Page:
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German court rules on the right to access under the GDPR

Out-Law Analysis | 28 Jul 2021 | 2:48 pm | 2 min. read

Germany’s Supreme Court has specified the scope of the right to access under Article 15 of the GDPR, but has left important questions unanswered.

The German Court of Justice (Bundesgerichtshof/BGH) has ruled on the content and scope of the right to access your own personal data under Article 15 of the General Data Protection Regulation (GDPR).

The claim was made by the owner of a life insurance policy who received what he said was incomplete information from his insurance company. He said that his request for his personal data included all data stored and processed by the insurance company relating to him, including internal and external correspondence, internal telephone and conversation notes and other internal notes, but also internal assessments of his insurance claims. 

In 2019 the Regional Court of Cologne had denied such a far-reaching right, saying that the right to access under Article 15 of the GDPR does not include all internal documents of an insurance company such as notes or all internal correspondence, nor does it include past correspondence between the parties or information concerning commissions for the insurance brokers.

The Federal Court of Justice has rejected the Regional Court’s approach and confirmed that the right to access under Article 15 of the GDPR is in principle comprehensive, as it refers to all stored or processed data that can be linked to the person. This means that it includes internal documents and correspondence with or about this person.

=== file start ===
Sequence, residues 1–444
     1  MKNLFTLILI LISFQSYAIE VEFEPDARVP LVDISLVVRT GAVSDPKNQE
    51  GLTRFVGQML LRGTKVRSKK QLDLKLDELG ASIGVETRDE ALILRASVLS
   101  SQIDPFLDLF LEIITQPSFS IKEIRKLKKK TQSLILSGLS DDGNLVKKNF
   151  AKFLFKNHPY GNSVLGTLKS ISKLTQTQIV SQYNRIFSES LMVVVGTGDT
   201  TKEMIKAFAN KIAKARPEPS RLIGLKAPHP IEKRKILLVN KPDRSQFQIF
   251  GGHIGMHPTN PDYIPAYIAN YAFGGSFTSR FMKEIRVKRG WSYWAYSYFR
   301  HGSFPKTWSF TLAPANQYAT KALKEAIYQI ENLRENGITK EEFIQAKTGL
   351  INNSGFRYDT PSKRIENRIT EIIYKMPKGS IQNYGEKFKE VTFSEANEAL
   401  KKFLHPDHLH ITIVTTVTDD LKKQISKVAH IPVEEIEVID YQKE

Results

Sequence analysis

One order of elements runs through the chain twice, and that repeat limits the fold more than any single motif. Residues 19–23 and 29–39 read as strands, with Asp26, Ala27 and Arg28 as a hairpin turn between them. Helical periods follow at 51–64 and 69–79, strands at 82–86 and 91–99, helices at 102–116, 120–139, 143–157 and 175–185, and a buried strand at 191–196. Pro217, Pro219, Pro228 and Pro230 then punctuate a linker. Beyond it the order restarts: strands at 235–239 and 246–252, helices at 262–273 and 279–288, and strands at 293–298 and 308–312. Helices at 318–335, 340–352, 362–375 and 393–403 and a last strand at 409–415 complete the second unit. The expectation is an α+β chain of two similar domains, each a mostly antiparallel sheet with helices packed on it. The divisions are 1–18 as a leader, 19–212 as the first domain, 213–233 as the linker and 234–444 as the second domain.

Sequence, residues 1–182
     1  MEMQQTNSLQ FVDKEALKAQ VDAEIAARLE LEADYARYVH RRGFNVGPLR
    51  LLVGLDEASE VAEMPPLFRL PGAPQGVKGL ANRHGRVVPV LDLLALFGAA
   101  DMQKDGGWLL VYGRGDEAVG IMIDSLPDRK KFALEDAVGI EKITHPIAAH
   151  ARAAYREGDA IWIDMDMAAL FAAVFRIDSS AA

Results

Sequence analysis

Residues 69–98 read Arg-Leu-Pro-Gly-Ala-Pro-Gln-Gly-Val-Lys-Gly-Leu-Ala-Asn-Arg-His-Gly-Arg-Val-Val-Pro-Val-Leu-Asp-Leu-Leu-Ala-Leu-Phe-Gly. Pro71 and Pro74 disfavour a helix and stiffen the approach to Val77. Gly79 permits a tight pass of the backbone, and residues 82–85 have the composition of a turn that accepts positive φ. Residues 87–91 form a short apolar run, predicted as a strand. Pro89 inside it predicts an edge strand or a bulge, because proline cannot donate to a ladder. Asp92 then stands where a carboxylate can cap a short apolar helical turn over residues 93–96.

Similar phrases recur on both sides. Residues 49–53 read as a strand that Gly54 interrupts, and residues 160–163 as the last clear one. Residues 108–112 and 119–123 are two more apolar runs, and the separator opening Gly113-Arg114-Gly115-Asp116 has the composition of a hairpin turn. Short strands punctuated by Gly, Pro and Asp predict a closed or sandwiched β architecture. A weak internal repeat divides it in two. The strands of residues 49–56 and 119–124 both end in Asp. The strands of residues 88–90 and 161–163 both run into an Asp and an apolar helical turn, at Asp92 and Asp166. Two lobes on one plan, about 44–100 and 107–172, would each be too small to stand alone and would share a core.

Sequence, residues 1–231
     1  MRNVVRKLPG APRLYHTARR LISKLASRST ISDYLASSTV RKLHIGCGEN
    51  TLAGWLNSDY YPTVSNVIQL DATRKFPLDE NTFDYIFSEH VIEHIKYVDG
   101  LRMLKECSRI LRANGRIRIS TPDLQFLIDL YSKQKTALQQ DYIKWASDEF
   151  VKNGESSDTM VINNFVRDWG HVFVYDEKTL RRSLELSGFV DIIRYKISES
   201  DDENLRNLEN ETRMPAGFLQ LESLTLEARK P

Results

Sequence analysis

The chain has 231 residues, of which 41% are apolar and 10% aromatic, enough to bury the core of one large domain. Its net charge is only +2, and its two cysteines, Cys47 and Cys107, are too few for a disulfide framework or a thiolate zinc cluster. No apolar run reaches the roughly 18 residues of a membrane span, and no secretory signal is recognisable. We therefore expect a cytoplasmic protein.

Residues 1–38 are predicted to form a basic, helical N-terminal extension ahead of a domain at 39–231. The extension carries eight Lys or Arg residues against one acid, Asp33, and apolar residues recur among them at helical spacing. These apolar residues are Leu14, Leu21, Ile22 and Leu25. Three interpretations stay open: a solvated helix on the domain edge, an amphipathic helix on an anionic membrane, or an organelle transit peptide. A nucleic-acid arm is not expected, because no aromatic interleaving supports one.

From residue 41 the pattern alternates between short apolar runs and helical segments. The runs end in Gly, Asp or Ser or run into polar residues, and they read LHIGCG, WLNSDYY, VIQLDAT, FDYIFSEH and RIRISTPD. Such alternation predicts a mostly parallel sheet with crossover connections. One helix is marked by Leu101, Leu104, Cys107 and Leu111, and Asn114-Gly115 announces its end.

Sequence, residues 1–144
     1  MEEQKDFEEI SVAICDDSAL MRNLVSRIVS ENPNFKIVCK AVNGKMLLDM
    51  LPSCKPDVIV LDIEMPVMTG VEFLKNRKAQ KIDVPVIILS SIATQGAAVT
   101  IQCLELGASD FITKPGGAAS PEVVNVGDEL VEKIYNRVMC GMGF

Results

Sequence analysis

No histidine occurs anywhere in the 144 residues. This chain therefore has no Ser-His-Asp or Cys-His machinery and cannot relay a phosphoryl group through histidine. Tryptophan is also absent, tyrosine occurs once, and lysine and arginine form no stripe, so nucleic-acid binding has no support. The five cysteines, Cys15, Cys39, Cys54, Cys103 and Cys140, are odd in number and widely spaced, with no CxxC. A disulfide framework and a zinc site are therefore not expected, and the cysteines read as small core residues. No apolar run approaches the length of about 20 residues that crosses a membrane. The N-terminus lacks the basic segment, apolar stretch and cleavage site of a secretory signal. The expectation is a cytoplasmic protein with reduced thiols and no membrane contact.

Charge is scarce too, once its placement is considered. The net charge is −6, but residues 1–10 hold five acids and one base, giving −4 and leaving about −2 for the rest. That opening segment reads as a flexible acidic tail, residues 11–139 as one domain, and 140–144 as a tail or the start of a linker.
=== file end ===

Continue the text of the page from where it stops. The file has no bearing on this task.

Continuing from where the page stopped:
Limits of the right to access?

But the BGH ruling does mention limits to the right to access, such as those contained in exceptions to the GDPR and also Germany’s Data Protection Act (BDSG). The BGH did not examine these options as the parties had not submitted anything in this regard. But as the policyholder also requested information on the insurance company's internal assessments of his insurance claims asserted, the court stated that, according to the case law of the Court of Justice of the European Union (CJEU), legal analyses may contain personal data, but the result of such analyses is not personal data in itself. According to the criteria developed by the CJEU, data on bonus payments to third parties also had no relation to the person of the policyholder.

Apparently the BGH did not want to order the insurance company to hand over data  that might reveal that it considers the policyholder's claims to be well-founded or which would give away information on the remuneration of insurance brokers. In this respect, the BGH refers to the case law of the CJEU, which is the highest authority regarding the interpretation of the GDPR. Another approach could be to regard the result of the legal assessment and the amount of commissions as confidential information – especially as information on the commission also affects the data protection rights of the individual who received it.          

The BGH also said that the right to access within the meaning of section 362(1) of the German Civil Code (BGB) is generally fulfilled if the party providing information says that the information is complete or if this can be interpreted from his words. In this case, according to the BGH, the suspicion that the information provided is incorrect or incomplete cannot justify a claim to access information to a further extent. Whether a person entitled to access information can - in cases of justified doubt - still demand further information or an oath that the information provided is complete, remains open. It also remains open under which circumstances and to what extent the organisation holding the information can demand that the person requesting it specify which information they want. In this respect, Germany’s highest labour court recently ruled that it was necessary to be specific in the request.